Shade Planning for Schools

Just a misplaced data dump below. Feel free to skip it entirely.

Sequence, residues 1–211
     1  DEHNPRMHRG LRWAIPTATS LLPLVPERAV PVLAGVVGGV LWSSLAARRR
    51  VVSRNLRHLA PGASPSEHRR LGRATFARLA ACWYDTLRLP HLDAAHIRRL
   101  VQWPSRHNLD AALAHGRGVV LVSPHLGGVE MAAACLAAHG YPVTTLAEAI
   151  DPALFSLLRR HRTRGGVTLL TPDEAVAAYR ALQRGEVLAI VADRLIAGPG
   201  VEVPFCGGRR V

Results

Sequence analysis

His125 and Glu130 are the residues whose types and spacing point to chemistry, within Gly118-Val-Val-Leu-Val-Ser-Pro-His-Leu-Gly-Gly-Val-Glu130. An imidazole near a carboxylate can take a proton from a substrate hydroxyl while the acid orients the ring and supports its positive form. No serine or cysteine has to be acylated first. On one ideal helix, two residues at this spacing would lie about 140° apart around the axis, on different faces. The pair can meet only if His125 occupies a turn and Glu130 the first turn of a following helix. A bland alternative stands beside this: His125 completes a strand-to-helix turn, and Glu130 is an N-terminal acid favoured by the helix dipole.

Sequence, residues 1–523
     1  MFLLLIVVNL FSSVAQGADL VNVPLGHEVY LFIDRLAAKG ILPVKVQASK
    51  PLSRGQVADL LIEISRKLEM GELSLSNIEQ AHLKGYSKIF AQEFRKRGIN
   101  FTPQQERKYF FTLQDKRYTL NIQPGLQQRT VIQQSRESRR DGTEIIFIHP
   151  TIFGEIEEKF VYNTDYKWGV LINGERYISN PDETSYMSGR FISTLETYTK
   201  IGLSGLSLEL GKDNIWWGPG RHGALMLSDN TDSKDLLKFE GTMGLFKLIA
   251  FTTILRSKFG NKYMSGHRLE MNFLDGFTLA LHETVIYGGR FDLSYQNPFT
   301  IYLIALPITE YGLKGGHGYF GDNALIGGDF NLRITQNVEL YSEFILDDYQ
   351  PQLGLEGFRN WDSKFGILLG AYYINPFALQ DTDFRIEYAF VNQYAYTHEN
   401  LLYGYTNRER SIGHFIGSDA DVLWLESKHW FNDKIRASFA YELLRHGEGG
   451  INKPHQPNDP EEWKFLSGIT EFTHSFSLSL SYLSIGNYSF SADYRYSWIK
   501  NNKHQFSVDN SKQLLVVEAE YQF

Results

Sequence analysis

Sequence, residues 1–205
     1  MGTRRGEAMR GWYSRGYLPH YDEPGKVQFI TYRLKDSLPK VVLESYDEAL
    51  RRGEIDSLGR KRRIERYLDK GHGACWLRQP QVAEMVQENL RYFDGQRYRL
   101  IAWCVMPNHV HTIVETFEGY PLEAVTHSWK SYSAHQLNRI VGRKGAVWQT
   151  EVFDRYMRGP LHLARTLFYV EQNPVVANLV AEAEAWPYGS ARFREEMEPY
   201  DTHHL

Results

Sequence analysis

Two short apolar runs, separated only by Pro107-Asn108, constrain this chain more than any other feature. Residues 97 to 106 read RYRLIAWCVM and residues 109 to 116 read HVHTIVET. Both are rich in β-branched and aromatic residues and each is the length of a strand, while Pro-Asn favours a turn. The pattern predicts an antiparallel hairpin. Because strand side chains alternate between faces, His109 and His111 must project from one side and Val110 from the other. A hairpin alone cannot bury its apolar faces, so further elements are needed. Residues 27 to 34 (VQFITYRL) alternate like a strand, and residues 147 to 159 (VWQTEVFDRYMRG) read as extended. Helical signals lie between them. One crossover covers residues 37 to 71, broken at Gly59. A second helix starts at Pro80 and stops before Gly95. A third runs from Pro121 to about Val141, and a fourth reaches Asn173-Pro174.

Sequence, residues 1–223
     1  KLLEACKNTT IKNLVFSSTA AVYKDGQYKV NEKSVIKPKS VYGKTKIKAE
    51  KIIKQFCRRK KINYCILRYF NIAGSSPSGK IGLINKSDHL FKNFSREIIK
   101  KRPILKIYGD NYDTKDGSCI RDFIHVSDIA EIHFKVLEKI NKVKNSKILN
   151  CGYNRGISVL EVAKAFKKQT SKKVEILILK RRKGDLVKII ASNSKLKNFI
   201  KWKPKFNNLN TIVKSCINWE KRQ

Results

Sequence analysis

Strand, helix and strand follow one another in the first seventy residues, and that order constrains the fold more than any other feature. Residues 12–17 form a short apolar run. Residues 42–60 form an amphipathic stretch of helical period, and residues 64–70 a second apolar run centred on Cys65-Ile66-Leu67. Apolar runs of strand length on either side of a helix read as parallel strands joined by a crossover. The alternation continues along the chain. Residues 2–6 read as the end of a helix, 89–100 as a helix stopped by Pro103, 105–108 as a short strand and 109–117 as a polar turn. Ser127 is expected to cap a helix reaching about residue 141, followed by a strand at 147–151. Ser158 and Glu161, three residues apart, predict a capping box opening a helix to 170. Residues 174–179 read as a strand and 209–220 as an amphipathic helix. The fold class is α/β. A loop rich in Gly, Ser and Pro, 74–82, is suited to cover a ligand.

31 Shade Planning for America’s Schools Chapter 4 SHADE Foundation of America and the U.S. Environmental Protection Agency’s SunWise School Program SHADE Foundation of America In February 2001, Shonda Schilling, a 33-year old mother of four young children and wife of Boston Red Sox pitcher Curt Schilling, was diagnosed with melanoma. Having been a lifelong sunbather, Ms. Shilling felt a need to inform the public about the dangers of exposure to the sun’s UV rays. She learned that although Arizona has the highest melanoma rate in the United States, the state had no organizations devoted to preventing the cancer. As a way to fill that gap, Shonda founded the SHADE Foundation. SHADE Foundation of America is a non-profit organization dedicated to the education, prevention, and detection of skin cancer. Created in September 2002, the foundation’s goal is to prevent the development of skin cancer through educational programs and free skin cancer screenings. The U.S. Environmental Protection Agency’s SunWise School Program First piloted in May 1999, the SunWise School Program, developed by the United States Environmental Protection Agency (EPA), is an environmental and health education program designed to teach children and their caregivers how to protect themselves from overexposure to the sun. The standards-based, cross-curricular lessons in the SunWise Tool Kit were designed to foster sun-safe behaviors in children and to increase their knowledge and appreciation of the environment. In addition, the program encourages schools to create shade structures, adopt sun-safe policies, and develop additional community partnerships. Since the year 2000, the K–8 curriculum has been available on a national basis, free of charge, to any school registering at the EPA SunWise Web site, To participate in the SunWise program, schools must adopt a SunWise activity, which may include implementing classroom lessons, collecting and reporting UV radiation data, adopting school-wide sun-safe policies, or engaging in skin cancer prevention community outreach. Schools must also participate in a program evaluation. Creating a Collaboration The development of the collaboration between the SHADE Foundation and the EPA began in October 2002. Linda Rutsch, Director of the SunWise School Program at the EPA, was visiting the Web site of a melanoma foundation in Nevada when she noticed a link to the SHADE Foundation. “Usually I will check out various links in order to keep up with what’s out there,” Ms. Rutsch recalls. She clicked on the SHADE Foundation’s link, learned about the Foundation’s skin cancer prevention efforts in Arizona, and found a contact name. Ms. Rutsch called Sue Gorham, executive director of the SHADE Foundation, and told her, “I would like to send you a SunWise Kit and tell you a little about our program.” As luck would have it, the SHADE Foundation was in the process of searching for a school curriculum on sun safety. Ms. Schilling and Ms. Gorham decided to develop a program for schools that would allow them to acquire shade structures for their campuses through the SHADE Foundation. The idea was to encourage schools to implement a sun-safe curriculum and to develop sun-safe policies within the school.